Q. What do you think of Dave Hunt’s Daniel’s prophesies? I have read many articles on “prove the Bible is God’s inspired words”, both historically and scientifically. I have found that people don’t appreciate historical proofs very well. Do you know of any better scientific articles than those of astrophysicists Hugh Ross’?
A. With respect to Dave Hunt’s interpretation of Daniel’s prophecies, that is a very broad question. Hunt wrote many books on prophecy, some of which involved Daniel & would require many pages to respond. Can you narrow it down to specific topics more manageable in my humble blog? In general Hunt is evangelical dispensational, but rejects Calvinism. My own position is evangelical, non-dispensational, & primarily Reformed. Beyond that I would rather comment on specific subjects than make broad-sweep statements.
As to Hugh Ross, he is an old-earth creationist. He advocates progressive creation, which holds that the universe began with the Big Bang controlled by God. An alternative creationism model is young-earth. If you are interested you can read up on papers from:
• Institute of Creation Research http://www.icr.org/ (Henry Morris)
• Answers in Genesis https://answersingenesis.org/ (Ken Ham)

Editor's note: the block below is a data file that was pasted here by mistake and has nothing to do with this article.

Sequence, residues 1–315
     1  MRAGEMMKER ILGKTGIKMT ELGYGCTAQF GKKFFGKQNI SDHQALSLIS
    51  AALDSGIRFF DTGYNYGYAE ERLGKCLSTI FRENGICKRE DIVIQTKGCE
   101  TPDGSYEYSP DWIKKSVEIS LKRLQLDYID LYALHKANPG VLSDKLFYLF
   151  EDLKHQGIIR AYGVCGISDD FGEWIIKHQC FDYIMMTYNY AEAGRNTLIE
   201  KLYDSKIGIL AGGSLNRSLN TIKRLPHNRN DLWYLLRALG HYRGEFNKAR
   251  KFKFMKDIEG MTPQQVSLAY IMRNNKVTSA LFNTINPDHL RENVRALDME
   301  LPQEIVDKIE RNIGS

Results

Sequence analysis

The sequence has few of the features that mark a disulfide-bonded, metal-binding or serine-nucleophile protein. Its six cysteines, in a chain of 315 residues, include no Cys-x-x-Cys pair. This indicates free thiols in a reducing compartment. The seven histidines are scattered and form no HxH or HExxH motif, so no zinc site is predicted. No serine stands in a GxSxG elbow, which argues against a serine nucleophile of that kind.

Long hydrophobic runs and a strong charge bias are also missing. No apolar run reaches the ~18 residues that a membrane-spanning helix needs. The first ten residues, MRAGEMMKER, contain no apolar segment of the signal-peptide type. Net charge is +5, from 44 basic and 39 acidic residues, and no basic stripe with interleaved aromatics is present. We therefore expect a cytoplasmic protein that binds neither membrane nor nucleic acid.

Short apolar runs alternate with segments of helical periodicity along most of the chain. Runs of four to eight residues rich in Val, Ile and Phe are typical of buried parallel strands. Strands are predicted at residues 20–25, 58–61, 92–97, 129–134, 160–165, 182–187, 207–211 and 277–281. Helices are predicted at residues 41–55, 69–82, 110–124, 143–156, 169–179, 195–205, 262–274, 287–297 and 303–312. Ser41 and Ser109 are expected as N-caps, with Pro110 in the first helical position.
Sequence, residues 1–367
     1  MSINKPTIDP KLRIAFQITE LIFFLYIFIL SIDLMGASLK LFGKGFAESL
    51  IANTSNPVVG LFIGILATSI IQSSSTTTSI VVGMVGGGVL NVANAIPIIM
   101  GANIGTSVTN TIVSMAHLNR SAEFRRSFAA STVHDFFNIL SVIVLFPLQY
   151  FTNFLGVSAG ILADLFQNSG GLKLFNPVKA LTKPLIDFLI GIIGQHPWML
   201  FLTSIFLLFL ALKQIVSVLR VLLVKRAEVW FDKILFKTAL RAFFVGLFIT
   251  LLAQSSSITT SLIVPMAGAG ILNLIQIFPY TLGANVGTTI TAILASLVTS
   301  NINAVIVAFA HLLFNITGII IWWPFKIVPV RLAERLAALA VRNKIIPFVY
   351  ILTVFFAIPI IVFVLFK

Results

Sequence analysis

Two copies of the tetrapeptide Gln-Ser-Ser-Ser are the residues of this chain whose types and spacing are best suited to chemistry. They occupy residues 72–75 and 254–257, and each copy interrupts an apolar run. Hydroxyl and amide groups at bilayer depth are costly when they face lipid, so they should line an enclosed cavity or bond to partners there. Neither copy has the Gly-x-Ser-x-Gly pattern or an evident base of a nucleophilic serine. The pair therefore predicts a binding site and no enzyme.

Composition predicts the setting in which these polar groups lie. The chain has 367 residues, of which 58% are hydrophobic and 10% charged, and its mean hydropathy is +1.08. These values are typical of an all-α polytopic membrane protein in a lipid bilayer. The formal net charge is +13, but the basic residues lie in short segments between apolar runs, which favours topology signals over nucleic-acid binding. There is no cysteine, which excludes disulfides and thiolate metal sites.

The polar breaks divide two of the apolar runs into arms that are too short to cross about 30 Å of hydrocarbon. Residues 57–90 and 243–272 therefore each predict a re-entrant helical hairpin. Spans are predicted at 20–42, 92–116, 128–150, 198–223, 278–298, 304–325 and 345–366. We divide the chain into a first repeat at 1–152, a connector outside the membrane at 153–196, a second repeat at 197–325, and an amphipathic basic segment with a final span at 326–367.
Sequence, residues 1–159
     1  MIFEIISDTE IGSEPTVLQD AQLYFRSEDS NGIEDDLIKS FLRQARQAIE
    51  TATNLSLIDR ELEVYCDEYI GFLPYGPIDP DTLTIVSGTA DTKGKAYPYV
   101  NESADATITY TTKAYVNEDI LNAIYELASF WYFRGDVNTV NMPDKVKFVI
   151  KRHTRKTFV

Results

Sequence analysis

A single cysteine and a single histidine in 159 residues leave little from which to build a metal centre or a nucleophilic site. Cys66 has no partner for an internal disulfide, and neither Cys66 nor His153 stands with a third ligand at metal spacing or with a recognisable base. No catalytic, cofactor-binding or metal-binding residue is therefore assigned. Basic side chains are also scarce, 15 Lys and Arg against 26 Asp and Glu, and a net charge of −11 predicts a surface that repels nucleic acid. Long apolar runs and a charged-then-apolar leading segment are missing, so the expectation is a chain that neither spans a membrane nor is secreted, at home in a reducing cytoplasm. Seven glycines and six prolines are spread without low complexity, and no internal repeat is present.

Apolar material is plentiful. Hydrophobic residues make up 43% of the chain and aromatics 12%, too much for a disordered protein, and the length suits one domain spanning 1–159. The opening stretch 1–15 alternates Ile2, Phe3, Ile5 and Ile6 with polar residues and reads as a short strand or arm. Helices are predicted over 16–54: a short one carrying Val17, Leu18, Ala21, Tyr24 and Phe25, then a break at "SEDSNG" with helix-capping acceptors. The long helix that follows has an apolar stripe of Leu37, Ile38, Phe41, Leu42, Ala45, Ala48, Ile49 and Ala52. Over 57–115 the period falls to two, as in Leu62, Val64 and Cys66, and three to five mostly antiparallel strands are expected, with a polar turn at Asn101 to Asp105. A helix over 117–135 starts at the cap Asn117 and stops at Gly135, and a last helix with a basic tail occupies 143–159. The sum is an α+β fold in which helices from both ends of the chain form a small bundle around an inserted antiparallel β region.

People don’t appreciate historical proofs because they may think that they are not scientific. Science deals with making hypotheses, doing experiments, observing the results to see whether they support or reject their theory, & revising assumptions & testing again to see whether they are valid. That’s good for the present, upon which you predict future outcome provided your theory holds. But what do you do with the past when you cannot perform experiments on them?
What happened occurred in time past, & we cannot go back in time to observe the events as they happened. Science is out of its realm. What remains is historical evidence, either physical objects or written records. The former falls under the domain of archeology, while the latter is within the study of history. Many have a tendency to value science above history. Actually both have their place, dealing with the present & the past respectively. We need to know each one’s limitations.